Utility-scale solar projects near the ‘finish line’ but need more time
Lahaina, Kihei projects focused on connection with MECO, Maui grid
Two utility-scale solar projects on Maui are “near the finish line,” after seeking a second extension in March, said the project manager for developers Kenyon Energy on Monday.
“They are both in the very final stages before commercial operation,” said Jesse Myers in a phone interview.
The South Maui Renewable Resources project in Kihei and Ku’ia Solar in Lahaina originally had a “guaranteed commercial operations date” of Dec. 31, 2016, with delay damages to be assessed through June 29, 2017, at which time Maui Electric Co. could terminate the agreements. On Aug. 10, Kenyon Energy, the project development arm of parent Sun Financial, secured an extension of the delay damages date to Feb. 24.
Unable to meet that deadline, the developers of the two 2.87 megawatt projects secured a further extension of the delay damages date to April 25 for the South Maui project and May 25 for the Lahaina project, filings with the Public Utilities Commission said. However, the damage assessments were increased.
Myers gave every indication Monday that this would be the last extension.
“Effectively all of the equipment, all of the hardware is in place in those projects,” he said. “We’re really feeling good about it.”
Current work focuses on interconnection, commissioning and testing to make sure the solar projects interface safely with the Maui grid, Myers said.
“I would say we’ve been blazing the trail collaboratively with Maui Electric,” Myers said. “There have have been some technical issues. . . . It is taking longer than we have expected on this last phase.”
Crystal Kua, spokeswoman for Kamehameha Schools, which is leasing the land in Lahaina to the project, added: “There are always challenges encountered when working toward accomplishing something worthwhile for the first time. Ensuring that all of the communication and control systems between the facility and Maui Electric are working properly requires a fair amount of engineering expertise.
“All parties have been working collaboratively to surmount the challenges to deliver safe, reliable, clean energy to Maui consumers.”
Myers made a point to praise MECO for its collaboration.
“I work with utilities all over the country,” he said. “The team at Maui Electric has been some of the most accommodating . . . and easy to work with . . . interested in seeing these projects come alive.
“It’s been refreshing even if there have been some technical issues to work out.”
Myers explained that the Kihei project is a little ahead of the Lahaina project due to heavy rain and mud delaying access to the site near Lahainaluna High School. He added that knowledge gained from hooking up the South Maui project, near the Maui Research & Technology Park, will make connecting the West Maui project to the grid “a much faster, more efficient process.”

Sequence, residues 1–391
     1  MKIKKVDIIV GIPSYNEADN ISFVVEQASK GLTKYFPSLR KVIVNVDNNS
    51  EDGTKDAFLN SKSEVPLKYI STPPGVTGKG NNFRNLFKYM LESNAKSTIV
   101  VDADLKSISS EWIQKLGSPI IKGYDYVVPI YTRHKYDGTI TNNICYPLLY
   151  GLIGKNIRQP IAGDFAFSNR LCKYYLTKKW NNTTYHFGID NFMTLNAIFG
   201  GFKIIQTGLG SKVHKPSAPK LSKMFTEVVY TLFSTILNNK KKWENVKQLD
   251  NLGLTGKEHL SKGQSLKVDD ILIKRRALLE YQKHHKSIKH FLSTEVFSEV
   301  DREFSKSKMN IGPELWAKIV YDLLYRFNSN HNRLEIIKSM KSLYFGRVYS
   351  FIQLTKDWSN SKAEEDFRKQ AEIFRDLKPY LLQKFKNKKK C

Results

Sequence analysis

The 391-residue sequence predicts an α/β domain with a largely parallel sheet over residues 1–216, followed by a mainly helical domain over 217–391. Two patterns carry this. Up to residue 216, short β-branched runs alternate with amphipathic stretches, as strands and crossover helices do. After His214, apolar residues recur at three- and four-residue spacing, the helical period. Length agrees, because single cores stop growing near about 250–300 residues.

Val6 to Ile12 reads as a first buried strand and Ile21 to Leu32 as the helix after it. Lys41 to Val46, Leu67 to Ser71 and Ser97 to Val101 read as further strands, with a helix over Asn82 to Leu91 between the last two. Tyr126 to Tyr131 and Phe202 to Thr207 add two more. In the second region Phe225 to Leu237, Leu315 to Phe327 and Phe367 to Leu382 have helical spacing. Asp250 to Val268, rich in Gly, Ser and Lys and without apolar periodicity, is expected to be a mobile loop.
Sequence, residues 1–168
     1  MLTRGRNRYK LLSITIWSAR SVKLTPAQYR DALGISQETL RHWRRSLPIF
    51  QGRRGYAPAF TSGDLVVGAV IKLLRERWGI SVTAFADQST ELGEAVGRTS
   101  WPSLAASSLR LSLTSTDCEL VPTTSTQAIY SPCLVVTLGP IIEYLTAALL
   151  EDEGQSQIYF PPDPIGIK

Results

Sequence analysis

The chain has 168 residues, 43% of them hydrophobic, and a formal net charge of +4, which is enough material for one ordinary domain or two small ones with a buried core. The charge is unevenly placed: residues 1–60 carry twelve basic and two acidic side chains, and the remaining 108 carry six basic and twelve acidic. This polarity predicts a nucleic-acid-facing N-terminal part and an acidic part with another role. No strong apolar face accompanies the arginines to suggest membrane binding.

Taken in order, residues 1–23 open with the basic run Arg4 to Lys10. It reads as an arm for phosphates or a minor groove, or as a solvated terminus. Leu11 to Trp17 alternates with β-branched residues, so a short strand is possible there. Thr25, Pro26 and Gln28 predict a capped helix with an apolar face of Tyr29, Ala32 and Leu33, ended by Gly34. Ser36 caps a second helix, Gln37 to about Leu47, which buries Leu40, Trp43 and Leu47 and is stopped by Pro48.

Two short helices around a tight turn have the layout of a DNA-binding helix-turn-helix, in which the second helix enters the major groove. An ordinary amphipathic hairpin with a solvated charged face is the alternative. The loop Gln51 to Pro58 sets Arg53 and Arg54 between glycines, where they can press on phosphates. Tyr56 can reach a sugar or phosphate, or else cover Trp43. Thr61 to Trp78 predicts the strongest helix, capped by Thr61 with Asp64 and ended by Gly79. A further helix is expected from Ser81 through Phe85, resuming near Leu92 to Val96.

He could not give a definite date for completing the connection with the MECO grid for either project, citing delays such as the weather.
“We really can’t set a hard date,” Myers said. “We are pushing toward the goal as fast and hard as we can.”
Some of the delays were anticipated “without any real ability to adjust,” said Myers. He noted delays in getting PUC signatures on contracts and on permitting.
“We knew going in . . . we would likely be incurring some of these penalties,” he said. “It hasn’t been a surprise it has taken longer than we would like.”
Each project has accrued $76,500 in damages as of Feb. 24 at a rate of $318.90 per day. The delay damages increased to $502.46 after Feb. 24 to compensate MECO for the estimated daily bill savings lost by utility customers, the filing with the PUC said. The delay damages will be taken out of future receipts.
In February 2016, Hawaiian Electric Co. on Oahu terminated two large solar projects over financial and compliance issues. Despite the delay damages, Myers said, “financially, we are certainly committed to these projects.
“I don’t see any danger in not finishing,” he said. “We are near the finish line.”
Kua added that “delays are never welcome” but “the terms of the contract are being honored and we will continue to strive to bring the facilities online as soon as safely possible.”
When up and running, the 12,000 solar panels at each project are estimated to produce 7,000 megawatt hours of power year round, Myers said. That would be enough to power an average of 1,000 homes over a year.
“We are looking forward to the solar projects coming online as they represent one facet of our overall efforts to build a broad mix of clean resources to reach 100 percent renewables by 2045,” said MECO spokeswoman Shayna Decker.
* Lee Imada can be reached at firstname.lastname@example.org.